There was a valley, parched and dry. Even more unusual, this valley was filled with bones. Dry dead bones. A man named Ezekiel spoke to them. They attached first with sinews, formed with flesh, and then covered with skin. The man Ezekiel spoke again, and the breath of God filled them with life. They arose, a great army.
As Christians, so often we spiritualize this passage from Ezekiel 37. The Lord certainly does use it as a great promise of personal resurrection life; however, there is also a literal interpretation.
The Lord explains the vision, telling us that this is the house of Israel, being restored to life in the land of Israel, something that has happened in the last 60 years. The Holocaust left mass graves, filled with the bones of people who died for no other reason than their Jewish decent. The Lord took those who survived, who escaped, and through their hope, He built the nation of Israel. These people have warred to defend their nation ever since. Thus, they arose, a great army.
Every enemy in the natural and supernatural has sought their annihilation, even today. Why? Based on my study of Scripture, I believe it is because the formation of the State of Israel is one of God’s means of proving Himself holy.
‘Thus says the Lord GOD, “It is not for your sake, O house of Israel, that I am about to act, but for My holy name, which you have profaned among the nations where you went. I will vindicate the holiness of My great name which has been profaned among the nations, which you have profaned in their midst. Then the nations will know that I am the LORD,” declares the Lord GOD, “when I prove Myself holy among you in their sight.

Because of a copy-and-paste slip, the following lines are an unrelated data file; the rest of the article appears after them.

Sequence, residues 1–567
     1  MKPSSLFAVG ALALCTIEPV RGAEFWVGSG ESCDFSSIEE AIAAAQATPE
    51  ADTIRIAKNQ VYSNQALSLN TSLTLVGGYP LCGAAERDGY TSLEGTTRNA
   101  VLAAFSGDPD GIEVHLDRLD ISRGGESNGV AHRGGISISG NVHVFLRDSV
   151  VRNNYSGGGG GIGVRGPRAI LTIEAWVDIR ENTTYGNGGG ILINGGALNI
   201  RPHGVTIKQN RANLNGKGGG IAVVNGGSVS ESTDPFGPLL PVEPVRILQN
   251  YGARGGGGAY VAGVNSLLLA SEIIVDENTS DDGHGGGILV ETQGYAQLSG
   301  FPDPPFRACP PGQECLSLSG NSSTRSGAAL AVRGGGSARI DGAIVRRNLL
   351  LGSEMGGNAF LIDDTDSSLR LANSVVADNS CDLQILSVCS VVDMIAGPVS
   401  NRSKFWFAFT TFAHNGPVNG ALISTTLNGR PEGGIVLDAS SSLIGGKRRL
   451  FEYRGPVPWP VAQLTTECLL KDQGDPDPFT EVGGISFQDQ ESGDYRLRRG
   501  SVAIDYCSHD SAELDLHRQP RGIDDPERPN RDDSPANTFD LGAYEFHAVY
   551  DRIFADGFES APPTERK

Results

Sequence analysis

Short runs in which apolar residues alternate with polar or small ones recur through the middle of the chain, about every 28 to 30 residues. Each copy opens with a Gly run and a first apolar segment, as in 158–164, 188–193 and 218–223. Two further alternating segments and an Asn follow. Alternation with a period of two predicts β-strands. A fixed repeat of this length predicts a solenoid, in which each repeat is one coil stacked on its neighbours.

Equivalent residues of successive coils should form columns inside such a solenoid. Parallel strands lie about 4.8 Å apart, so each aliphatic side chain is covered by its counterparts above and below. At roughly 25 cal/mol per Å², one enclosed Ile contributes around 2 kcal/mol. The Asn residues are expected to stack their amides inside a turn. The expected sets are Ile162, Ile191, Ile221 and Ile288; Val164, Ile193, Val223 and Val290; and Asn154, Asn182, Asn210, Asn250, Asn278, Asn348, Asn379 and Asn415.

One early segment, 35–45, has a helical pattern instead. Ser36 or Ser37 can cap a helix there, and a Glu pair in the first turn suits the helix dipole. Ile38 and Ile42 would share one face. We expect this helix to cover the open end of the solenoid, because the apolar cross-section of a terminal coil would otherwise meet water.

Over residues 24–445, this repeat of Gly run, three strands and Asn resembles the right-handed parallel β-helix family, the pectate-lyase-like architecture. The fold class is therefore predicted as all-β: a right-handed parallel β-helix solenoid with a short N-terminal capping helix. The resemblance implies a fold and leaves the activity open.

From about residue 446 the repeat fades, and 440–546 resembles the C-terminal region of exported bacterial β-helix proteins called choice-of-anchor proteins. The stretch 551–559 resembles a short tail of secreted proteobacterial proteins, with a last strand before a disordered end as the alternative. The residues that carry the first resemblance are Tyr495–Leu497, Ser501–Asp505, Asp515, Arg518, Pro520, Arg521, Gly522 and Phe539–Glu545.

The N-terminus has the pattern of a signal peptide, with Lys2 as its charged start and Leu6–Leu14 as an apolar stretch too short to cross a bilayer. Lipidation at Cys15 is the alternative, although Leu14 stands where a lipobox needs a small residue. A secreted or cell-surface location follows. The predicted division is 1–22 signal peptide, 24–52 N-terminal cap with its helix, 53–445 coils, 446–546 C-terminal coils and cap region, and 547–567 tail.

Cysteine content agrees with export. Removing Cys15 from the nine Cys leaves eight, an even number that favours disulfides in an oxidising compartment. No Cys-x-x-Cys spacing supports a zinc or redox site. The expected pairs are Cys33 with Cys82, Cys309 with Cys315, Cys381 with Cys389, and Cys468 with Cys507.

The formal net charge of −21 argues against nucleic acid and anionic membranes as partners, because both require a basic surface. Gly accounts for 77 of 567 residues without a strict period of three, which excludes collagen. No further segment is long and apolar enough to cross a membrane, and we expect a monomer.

For I will take you from the nations, gather you from all the lands and bring you into your own land.
This is a threat to the enemy, so we war.
Perhaps one of the greatest acts of God’s protective hand on Israel became manifest in 1967, during the Six Day War. At that time, four nations, Syria, Egypt, Jordan, and Lebanon, simultaneously pre-empted an attack on Israel. In six short days, Israel pushed the enemy back, and claimed territory that had not been in the hands of the Jewish people for 2,000 years. This fledgling nation waged a few battles under the leadership of a man named Col. Eliezar Amitai, commander of the Jerusalem Brigade. Eliezar begot a son in the land of Israel, and Ofer became the first in their family line to know Yeshua HaMashiach, Jesus the Messiah. His salvation is evidence of the next part of the land covenant prophesies being fulfilled, salvation of the Jewish people:
After they return to the land, still in unbelief…
I will sprinkle clean water on you, and you will be clean; I will cleanse you from all your filthiness and from all your idols. Moreover, I will give you a new heart and put a new spirit within you; and I will remove the heart of stone from your flesh and give you a heart of flesh.
I feel blessed to sit under Ofer’s leadership and teachings in our Kehilah. In Israel, the Messianic Jewish community prefers Kehilah, meaning community or congregation, to church, which carries a great deal of cultural and historical baggage from forced conversions and deaths during times such as the Spanish Inquisition and the Crusades. Church implies something from the outside, but Kehilah has an implication of solid indigenous Israeli worship, from the inside out.